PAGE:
The Poseidon Effect

In 1972’s “The Poseidon Adventure,” Gene Hackman leads a ragtag group of survivors through the maze that has been born of a luxury liner turned upside down. Along the way he loses members of the surviving group to various and literal trials by water, fire, and even steam. What was once a glamourous, exciting vacation, became a hellish mirror world, and very few made it out alive.

The movie won an Oscar for “Best Original Song” with “The Morning After.” The line from the chorus goes, “There’s got to be a morning after, if we can make it through the night…”

“There’s got to be a morning after, if we can make it through the night…”

If ever there were a more appropriate song to sing to one’s self in dark times, I can’t think of it. Maureen McGovern’s classically 70’s girl-swoon makes the song sad, and hopeful, and tender. Just what any chronic pain or depression sufferer needs. It’s not too upbeat and happy, but there’s something good in it.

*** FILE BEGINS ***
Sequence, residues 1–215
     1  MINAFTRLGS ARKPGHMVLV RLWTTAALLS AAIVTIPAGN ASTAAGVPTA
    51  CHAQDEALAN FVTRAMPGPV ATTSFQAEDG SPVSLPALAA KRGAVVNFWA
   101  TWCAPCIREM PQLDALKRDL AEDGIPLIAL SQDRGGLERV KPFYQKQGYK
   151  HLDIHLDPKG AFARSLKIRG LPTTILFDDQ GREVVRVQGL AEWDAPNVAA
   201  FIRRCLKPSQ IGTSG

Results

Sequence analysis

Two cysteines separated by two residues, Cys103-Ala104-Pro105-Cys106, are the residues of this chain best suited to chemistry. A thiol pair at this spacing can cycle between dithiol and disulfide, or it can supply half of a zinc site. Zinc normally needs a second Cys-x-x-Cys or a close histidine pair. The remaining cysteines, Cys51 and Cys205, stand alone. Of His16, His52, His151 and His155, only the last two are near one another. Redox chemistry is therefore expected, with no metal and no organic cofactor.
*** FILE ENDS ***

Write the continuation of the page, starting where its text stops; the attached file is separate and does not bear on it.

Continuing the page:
I think about “The Poseidon Adventure” frequently. Perhaps it’s because it’s a movie that I saw many times as a child and it just stuck with me. Perhaps it’s because I like the song. Maybe I just enjoy the film for what it is… a well-crafted disaster movie with an interesting plot.

However, there is some part of me that embraces “The Poseidon Adventure” as a twisted metaphor for my life. I was but a happy traveler and then things went horribly wrong, and now I’m making my way through something that was once beautiful. Now it’s wrong, somehow. Everything is upside down and I don’t recognize much of it. Sometimes I don’t even recognize myself. Wasn’t I wearing a fancy dress and glamorous? Why am I disheveled and scared?

Gene Hackman’s character is a non-nonsense reverend. He’s cool, not in the sunglasses sense, but in the cool-headed, guy you’d want to follow in a crisis sense. He spends the entire movie yelling at everyone for being weak while also encouraging them to go on. Today, I feel weak. And I’m beating myself up about it. What I’m missing is the voice that says, “you can do it, damn it!”

I need some Hackman in my life.

Reverend Hackman’s character says, “So what resolution should we make for the new year? It’s to let God know that you have the guts and the will to do it alone. Resolve to fight for yourselves, and for others, for those you love. And that part of God within you will be fighting with you all the way.”

Resolve to fight for myself, and that part of God within me will be fighting with me.

Right on, Hackman. Right on.


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